Pros and Cons of Oat Milk, Commercial Vs Homemade


Manufactured oat milk is a plant-based drink known to have Swedish origins although health enthusiasts have been making it at home for many decades. The commercial variety is considered the innovation of food scientist Rickard Öste who in part produced one of the first oat milk brands in Sweden in the early 1990s.

In the U.S., oat milk became the go-to dairy-free milk alternative between 2017-2019 and since then has only grown in popularity. Step aside soy milk and almond milk, oat milk is predicted to be top on the list of vegan plant milk options in 2024.

Making oat milk essentially involves briefly blending dry raw rolled oats and water, then straining out the milky liquid. It has a subtle oaty flavor and most importantly a dairy-like creamy thick consistency.

What are the pros and cons of oat milk? Well, that depends on if you make it homemade or buy it at the store. Generally, there are some overlapping qualities. Here are the advantages and disadvantages of each variety.

4 Pros of Commercial Oat Milk

PRO #1 Convenience - Shelf-stable boxed oat milk is often a more convenient choice over making it homemade. It is now available at most supermarkets or from online suppliers.

PRO #2 Quality Options - The best packaged types, in our opinion, are organic varieties that include a relatively simple list of ingredients. Basically: water, oats and sea salt.

PRO #3 Fiber and Protein - According to product labels, oat milk can contain small amounts of fiber and protein. It is also vitamin-enriched.

PRO #4 Barista Creamer - Sometimes you will see oat milk labeled as "barista". This is a style utilized as a creamer for coffee or used in traditional coffeehouses when making milk-based cappuccinos or lattes. It is the type of non-dairy milk that Starbucks currently uses. Barista oat milk is processed differently to provide foam and froth when steamed.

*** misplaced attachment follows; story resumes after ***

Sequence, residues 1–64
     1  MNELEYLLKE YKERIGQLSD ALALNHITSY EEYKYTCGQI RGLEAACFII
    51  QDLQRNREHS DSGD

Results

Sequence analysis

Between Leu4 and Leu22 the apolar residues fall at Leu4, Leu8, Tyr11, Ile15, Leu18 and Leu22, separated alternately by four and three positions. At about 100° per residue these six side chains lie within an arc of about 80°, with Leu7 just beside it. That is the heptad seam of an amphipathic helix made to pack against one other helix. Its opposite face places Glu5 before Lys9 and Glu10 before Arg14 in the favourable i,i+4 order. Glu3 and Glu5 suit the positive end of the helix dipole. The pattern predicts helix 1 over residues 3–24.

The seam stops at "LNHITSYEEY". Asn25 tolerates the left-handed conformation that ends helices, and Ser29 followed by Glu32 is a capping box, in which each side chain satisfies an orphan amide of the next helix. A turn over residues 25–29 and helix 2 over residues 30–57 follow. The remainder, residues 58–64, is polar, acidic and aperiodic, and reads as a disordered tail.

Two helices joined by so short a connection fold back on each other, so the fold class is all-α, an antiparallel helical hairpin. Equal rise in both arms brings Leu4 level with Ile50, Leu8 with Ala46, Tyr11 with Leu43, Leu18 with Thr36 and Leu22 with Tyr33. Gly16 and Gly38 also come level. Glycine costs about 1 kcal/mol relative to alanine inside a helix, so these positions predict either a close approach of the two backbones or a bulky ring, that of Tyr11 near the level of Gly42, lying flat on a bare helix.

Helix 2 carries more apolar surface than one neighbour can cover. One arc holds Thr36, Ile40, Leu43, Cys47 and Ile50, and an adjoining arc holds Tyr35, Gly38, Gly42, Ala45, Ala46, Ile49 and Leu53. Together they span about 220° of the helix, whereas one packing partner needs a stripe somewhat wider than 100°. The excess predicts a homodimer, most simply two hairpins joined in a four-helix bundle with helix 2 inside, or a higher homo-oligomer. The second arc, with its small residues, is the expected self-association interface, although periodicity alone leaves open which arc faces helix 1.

7 Cons of Commercial Oat Milk

CON #1 Refined Oils - Many brands almost always add in refined vegetable oils, usually canola or sunflower oil. These are not oils we would consume on a regular basis. Barista oat milk is especially high in oil content, usually canola (rapeseed). Visit our page on why this oil is best avoided.

CON #2 Pasteurized - All commercial oat milk is flash pasteurized via a process that uses an ultra-high temperature. This technique kills off pathogens but can lower the nutritional value quite a bit..

CON #3 Synthetically Fortified - Many brands fortify their oat milk with synthetic isolates like calcium, potassium, B vitamins and vitamin D. Usually calcium is in the form of calcium carbonate which isn't our favorite choice as far as lab-produced supplements. It is our view that getting your vitamins and minerals from whole food sources is more absorbable to the body and healthier long-term.

CON #4 Not Guaranteed Gluten-Free or Nut-Free - Oats don't contain gluten but they can be contaminated in facilities that process other foods like wheat or nuts. Most of the brands we came across do not use Certified Gluten-Free or Nut-Free oats. Certified varieties are officially tested and/or come from certified gluten-free processing plants.

CON #5 Glyphosate - The best type we recommend is as always one that's Certified Organic and non-GMO. Conventionally grown oats, and the products created from them, have been found to contain the toxic chemical known as glyphosate, a widely used pesticide. Unfortunately, most brands as of 2023 are non-organic.

CON #6 Less Nutritious - Shelf-stable products like boxed oat milk have fewer nutritional benefits compared to making fresh oat milk from scratch. Likewise, commercial types can contain additives such as tricalcium phosphate, dipotassium phosphate or gellan gum.

CON #7 Carton Box Packaging - Most oat milk brands use a type of box-like packaging that's currently made from five layers: polymer, paperboard, polymer, aluminum and polymer.